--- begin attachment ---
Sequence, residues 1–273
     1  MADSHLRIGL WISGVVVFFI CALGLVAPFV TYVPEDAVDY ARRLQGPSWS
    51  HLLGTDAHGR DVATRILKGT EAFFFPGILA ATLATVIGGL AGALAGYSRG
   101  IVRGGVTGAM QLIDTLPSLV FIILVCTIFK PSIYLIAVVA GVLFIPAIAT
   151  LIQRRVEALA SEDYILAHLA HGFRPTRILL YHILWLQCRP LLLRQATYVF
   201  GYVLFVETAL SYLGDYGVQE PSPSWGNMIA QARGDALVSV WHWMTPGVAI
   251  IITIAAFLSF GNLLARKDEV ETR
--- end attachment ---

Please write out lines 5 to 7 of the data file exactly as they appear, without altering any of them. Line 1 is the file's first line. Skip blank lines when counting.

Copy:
   151  LIQRRVEALA SEDYILAHLA HGFRPTRILL YHILWLQCRP LLLRQATYVF
   201  GYVLFVETAL SYLGDYGVQE PSPSWGNMIA QARGDALVSV WHWMTPGVAI
   251  IITIAAFLSF GNLLARKDEV ETR